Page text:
1. Long-Term Prospects: Investing in a country ETF requires some understanding of the underlying nation’s long-term economic prospects. As an example, the investing thesis for the aforementioned BRIC nations is an intuitively easy one to understand, since these economies will inevitably be among the world’s largest in the not-too-distant future (China is already the second-largest economy). It is much more difficult to make a compelling investment case for a small emerging economy that carries its own set of risks. So unless you have a unique insight into some far-flung economy by virtue of having lived or worked there, it might be best to stay with the larger nations, as visibility on their long-term prospects is much better.
  1. Expense Ratios:  Expense ratios for country ETFs are much lower than for closed-end country funds, but are significantly higher than for domestic ETFs. Given two somewhat identical single-country ETFs, it may be preferable to opt for the one with the lower expense ratio, since a reduction of even 0.25% can make a difference over a long period of time.
  1. Tracking Error: Make sure you check the tracking error for a country ETF before you invest in it. While a small tracking error means that the ETF tracks the index closely, a larger tracking error may erode part of your ETF returns over the long term. For instance, assume the return on an equity index is 10% annually over a 10-year period and the annual return on an underlying ETF - due to tracking error of 0.5% - is 9.5%. On an initial USD 50,000 investment, that 0.5% tracking error will result in a shortfall of USD 5,775 or about 4.5% after 10 years (i.e. USD 129,687 - USD 123,911).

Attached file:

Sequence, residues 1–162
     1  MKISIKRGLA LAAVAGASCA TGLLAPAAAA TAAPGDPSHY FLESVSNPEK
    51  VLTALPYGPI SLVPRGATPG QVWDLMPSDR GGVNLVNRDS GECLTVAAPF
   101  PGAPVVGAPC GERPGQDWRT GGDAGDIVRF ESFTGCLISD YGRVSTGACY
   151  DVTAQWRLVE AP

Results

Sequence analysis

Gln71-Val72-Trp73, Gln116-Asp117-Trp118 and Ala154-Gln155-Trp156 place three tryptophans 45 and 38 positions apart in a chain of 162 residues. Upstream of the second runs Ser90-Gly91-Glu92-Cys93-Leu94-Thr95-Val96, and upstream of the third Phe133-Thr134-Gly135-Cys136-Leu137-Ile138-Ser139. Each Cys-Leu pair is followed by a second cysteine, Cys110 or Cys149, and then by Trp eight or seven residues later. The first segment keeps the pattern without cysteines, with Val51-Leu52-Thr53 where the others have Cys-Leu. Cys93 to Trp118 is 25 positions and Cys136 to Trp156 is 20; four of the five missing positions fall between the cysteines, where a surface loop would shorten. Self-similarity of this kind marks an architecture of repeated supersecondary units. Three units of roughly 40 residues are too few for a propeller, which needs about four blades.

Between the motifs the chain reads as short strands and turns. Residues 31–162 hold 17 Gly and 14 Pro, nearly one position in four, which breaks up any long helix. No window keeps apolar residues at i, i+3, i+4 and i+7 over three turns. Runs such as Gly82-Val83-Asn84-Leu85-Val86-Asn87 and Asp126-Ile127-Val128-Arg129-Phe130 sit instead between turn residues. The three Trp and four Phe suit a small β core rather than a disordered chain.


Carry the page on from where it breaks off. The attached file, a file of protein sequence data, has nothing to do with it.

1. Total Assets: An ETF’s total assets are another important factor to be considered when making an investment decision. An ETF with assets below USD 100 million may have limited investor interest, which will lead to constrained liquidity and wide trading spreads.
  1. Trading Volumes: This follows from the previous point, as a larger ETF will generally have higher trading volumes than a small ETF. As with a stock, higher trading volumes translate to better liquidity and tighter spreads. For example, the iShares MSCI China Index Fund mentioned earlier had total assets of USD 913 million and trading volume of 491,000 shares as of May 23, 2014, while the Global X China Consumer ETF had assets of USD 142 million and trading volume of 75,000 shares.